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Chinese IME - Tips, Tricks and Setup - What do you use?

Posted by rich February 12, 2008 in the Group General Discussion.

IME - Input Method Editor

The week before last I wrote on another thread in answer to evelyne's question on how to even input Chinese characters about MS-Pinyin IME, more specifically "How do I pick a character if the one chosen is incorrect?"

I've been familiar with setting up IME's since Windows 98, as that was actually my first interest in Chinese.  Now with Windows XP/Vista one doesn't have to download anything to get it to work, but you do have to turn Asian languages and the IME on.  I thought I would make this a new thread as I am sure there is something I could also learn from you on this IME or others for typing Chinese (I have tried many others, but as a foreigner, I didn't see them as convenient as Chinese people do).  Below is what I wrote on IME, and hope to get your feedback, questions or tips on your IME experirence.

I highly recommend you use MS-Pinyin IME, which comes with Windows XP and I assume you are using. I have tried all the input locals and while some Chinese people prefer others, even learning the radicals represented by each key of the keyboard for WuBiZiXing(五笔字型), still the best for those of us who used pinyin to learn to type .

With MS-Pinyin IME, the one thing to note is that you can specify the tone mark as well as the pinyin letters when you type. This I recommend doing because for one, it greatly reduces the number of characters you have to chose from (or possibilities of mistakes), as well as helps you a) verify that you know the tone of the character because if it doesn't have that tone it won't display and b) allows you to see all the characters of that tone (which I believes helps in character learning, to match same sound/tone characters... I tell you how to view them below). So, for the word you said, to get the character 谢 I can get it without having to pick the character...all I type is xie4. You can type 1-5, 5 being neutral. (I get 斜 when I type xie5, the only neutral xie)

However, whether or not specifying tones, I greatly encourage you to not pick character to character, or even word for word, as MS-Pinyin IME can pick the most likely character from the other characters you type. So in your case, if you are using MS-Pinyin, if you simply type "xiexie" it should know you want 谢谢 as 写写 is not a word (but I do get that automatically if I type xie3xie3)

Now, to answer your question on how to pick a character, which you will still have to do now and then even if you use tones and type out complete words. After typing "xie" or "xie4", you can press the LEFT arrow key (not the mouse button) to see all the characters of that pronunciation. If you do not see the character you want in that list of 9 characters, press the PAGE-DOWN or PAGE-UP key to see others if available. When you see the character you want you can either press it's corresponding number (1-9) or press the DOWN arrow key to change the highlighted character to the right (use UP to move it to the left) and hit ENTER when you have found the character (I usually use this method, as usually the character I want is right there, and I already have my hand over the arrow keys).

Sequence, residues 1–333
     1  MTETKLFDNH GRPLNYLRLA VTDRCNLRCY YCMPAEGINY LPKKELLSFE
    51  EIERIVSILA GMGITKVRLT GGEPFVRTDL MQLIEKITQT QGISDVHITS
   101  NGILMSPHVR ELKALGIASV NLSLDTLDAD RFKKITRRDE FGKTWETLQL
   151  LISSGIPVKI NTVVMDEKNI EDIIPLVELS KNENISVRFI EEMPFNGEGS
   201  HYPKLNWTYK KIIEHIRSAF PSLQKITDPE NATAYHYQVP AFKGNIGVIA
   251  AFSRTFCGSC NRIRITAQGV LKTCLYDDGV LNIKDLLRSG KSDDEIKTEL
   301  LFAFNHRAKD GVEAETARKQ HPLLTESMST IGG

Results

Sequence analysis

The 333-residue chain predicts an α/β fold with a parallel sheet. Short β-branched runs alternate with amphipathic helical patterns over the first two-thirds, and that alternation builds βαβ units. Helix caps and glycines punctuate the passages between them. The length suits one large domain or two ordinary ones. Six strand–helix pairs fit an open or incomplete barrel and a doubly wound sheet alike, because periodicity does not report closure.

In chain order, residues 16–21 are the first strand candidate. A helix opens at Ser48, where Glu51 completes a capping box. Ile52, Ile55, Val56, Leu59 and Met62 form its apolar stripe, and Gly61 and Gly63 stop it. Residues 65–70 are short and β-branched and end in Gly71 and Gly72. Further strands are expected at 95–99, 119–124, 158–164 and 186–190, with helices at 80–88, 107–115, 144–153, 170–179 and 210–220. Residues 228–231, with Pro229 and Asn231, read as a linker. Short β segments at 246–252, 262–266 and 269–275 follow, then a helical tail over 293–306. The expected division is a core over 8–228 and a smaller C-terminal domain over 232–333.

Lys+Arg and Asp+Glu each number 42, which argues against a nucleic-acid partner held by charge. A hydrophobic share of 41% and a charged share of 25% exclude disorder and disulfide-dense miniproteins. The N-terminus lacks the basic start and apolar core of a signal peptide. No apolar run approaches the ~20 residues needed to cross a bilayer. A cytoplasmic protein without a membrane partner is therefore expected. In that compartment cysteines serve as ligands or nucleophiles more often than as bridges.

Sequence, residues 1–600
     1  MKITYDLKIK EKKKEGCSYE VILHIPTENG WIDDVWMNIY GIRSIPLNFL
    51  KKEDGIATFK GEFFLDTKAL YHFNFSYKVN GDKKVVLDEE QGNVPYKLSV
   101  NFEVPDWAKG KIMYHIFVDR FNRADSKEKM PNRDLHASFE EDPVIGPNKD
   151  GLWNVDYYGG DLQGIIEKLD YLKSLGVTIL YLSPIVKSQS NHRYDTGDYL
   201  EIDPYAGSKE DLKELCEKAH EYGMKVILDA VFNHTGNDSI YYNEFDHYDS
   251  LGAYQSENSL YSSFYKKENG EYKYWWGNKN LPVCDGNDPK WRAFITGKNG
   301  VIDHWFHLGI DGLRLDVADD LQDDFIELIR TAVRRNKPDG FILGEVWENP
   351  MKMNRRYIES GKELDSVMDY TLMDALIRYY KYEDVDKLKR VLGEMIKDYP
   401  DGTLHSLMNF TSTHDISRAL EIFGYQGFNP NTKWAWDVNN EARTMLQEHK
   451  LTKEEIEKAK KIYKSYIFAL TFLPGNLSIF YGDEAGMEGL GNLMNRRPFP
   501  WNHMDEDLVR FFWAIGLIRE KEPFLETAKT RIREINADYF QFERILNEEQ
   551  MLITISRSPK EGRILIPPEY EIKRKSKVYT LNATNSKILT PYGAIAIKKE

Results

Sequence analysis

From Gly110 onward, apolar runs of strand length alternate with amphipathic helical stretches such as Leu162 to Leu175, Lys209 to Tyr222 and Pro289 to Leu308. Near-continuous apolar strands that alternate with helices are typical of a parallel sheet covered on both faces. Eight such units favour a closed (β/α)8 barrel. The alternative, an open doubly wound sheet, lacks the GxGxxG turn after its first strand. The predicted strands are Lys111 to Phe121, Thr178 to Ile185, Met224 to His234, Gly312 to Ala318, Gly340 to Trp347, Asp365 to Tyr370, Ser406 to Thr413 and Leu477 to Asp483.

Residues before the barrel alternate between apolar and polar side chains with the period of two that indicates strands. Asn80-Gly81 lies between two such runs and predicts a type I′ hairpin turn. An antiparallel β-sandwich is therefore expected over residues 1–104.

So, here are some outlined tips on using MS-Pinyin IME:

1) Make sure you type the tone of a character, such as xie2zi5 鞋子 or xie3zi4 写字. Less chance of it being the wrong character, or MS-Pinyin deciding to change your character to its best guess (sometimes it even changes characters that haven't been specifically chosen when you hit the punctuation mark... don't ask me why)

2) Type the WHOLE word of phrase, as MS-Pinyin is most likely to guess it right then.

3) MS-Pinyin LEARNS what you type, so even for your Chinese name you should only have to type it once. The first time I type my name, Meng YiMing, it usually choses 梦已名 (dream already named??? no, that's not it). So once I type meng4yi3ming2 I click the LEFT arrow 3 times, and select 孟, it automatically moves to the next character and I select 以, then I select 明. Now, if I type that again, even if without tones, "mengyiming", I get 孟以明.

4) Did you know you can change between simplified and traditional characters, as well as Chinese punctuation and English punctuation? :‘’“”etc.? Just click the CH (or EN) of the Language bar, select "Show the Language bar" (should then float up at the top in your window's title bar), and you should either see a punctuation and simplified/traditional button there, or you can click the little down arrow at the bottom right of that floating toolbar and select Charset for trad/simp, Punctuation, or whatever.

Again, I'm not an expert, so please let me know what you've picked up on typing characters.  Thanks!

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